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House lawmakers may soon have access to Skype, an expanded wireless Internet network and a new central website for the chamber.
Those are some of the goals of a new initiative announced Wednesday by Speaker John Boehner that aims to make the House more user-friendly. Fittingly, Boehner announced the move in an e-mail statement and a YouTube video.
“Whether it’s making information easier to find, using digital media to make each of us more accessible or cutting costs by ending antiquated ways of doing business, we’re ready to bring Congress into the 21st century,” the Ohio Republican said in the video.
Boehner chose Rep. Jason Chaffetz to lead the House Technology Operations Team. The House Chief Administrative Officer equipped the chamber with Wi-Fi in August, but Chaffetz said his first priority is to expand the network to allow wider connectivity.
“The rapid expansion of Wi-Fi for both Members and the public is of obvious concern and can be dealt with immediately,” the Utah Republican said in an interview.
Chaffetz, who during the House GOP transition was tapped to be part of a team that made recommendations to leadership about the chamber’s operations, said he also wants to help make house.gov more functional and easier for constituents to use.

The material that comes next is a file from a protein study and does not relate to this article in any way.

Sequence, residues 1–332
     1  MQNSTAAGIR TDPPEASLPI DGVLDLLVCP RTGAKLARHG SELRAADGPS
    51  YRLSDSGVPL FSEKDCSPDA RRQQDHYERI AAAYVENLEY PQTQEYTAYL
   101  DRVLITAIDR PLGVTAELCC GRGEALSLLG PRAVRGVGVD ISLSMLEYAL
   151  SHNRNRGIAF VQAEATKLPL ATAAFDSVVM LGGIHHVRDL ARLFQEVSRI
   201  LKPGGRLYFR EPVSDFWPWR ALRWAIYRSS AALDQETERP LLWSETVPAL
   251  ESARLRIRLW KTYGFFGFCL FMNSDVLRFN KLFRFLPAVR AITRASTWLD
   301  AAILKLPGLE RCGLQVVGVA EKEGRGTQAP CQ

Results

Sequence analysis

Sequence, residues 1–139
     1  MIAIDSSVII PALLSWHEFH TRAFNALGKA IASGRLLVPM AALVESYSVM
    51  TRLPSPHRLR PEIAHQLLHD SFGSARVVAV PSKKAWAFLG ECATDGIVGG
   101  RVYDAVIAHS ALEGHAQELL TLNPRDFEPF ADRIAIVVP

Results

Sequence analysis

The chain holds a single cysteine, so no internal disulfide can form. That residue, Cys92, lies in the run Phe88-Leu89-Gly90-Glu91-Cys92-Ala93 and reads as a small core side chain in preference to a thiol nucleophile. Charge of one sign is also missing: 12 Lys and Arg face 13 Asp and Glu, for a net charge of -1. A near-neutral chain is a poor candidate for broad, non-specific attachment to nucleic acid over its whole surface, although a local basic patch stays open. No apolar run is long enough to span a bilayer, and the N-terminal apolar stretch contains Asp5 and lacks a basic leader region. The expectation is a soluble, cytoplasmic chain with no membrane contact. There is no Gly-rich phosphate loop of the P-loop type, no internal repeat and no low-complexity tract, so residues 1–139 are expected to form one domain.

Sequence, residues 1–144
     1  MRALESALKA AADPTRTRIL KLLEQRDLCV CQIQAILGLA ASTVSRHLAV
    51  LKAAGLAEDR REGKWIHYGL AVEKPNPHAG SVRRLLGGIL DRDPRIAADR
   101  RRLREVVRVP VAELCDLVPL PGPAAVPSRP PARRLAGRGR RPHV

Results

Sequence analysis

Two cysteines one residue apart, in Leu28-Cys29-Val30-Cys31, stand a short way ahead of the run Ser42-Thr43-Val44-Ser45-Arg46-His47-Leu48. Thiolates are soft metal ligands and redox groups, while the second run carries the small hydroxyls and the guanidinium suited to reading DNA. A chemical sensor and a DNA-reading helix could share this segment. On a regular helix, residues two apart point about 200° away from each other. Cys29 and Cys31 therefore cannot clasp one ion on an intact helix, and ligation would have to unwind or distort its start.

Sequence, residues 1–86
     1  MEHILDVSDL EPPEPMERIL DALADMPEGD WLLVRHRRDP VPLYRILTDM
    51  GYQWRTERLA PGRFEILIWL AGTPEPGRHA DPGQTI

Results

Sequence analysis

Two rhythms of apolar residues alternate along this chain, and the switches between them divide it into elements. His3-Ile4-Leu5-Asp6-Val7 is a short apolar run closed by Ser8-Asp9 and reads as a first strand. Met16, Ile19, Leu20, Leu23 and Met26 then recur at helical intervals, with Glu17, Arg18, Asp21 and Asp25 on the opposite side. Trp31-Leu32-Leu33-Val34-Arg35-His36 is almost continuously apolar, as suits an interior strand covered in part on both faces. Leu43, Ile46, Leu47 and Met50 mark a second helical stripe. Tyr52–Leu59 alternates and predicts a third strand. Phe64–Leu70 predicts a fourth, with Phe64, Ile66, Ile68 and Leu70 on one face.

“It’s been years since the site itself has been refreshed, and so we want to make the proceedings of the House as open and transparent as possible,” he said.
That’s also a concern for Rep. Bob Latta, co-chairman of the Republican New Media Caucus, who has also been selected to join the technology group.
“It’s got a lot of information there, but the question is if you can find the information readily,” the Ohioan said. “We can get more information out there so people don’t have to read about it, they can see it right then.”
Latta suggested making more prominent on the page a link to the Members’ votes database and allowing users to watch hearings on a split screen so they can view multiple committees at once.
Chaffetz said he also wants to recommend protocols for how and when committees share information online. For instance, the House could make committee documents searchable online, he said.
Chaffetz said he’d also like to look at allowing Members to use Skype.
House rules don’t allow offices to use peer-to-peer software or file-sharing programs. Chaffetz said Skype is banned out of concern that offices’ records could be stolen or that hackers could surreptitiously access office Web cameras.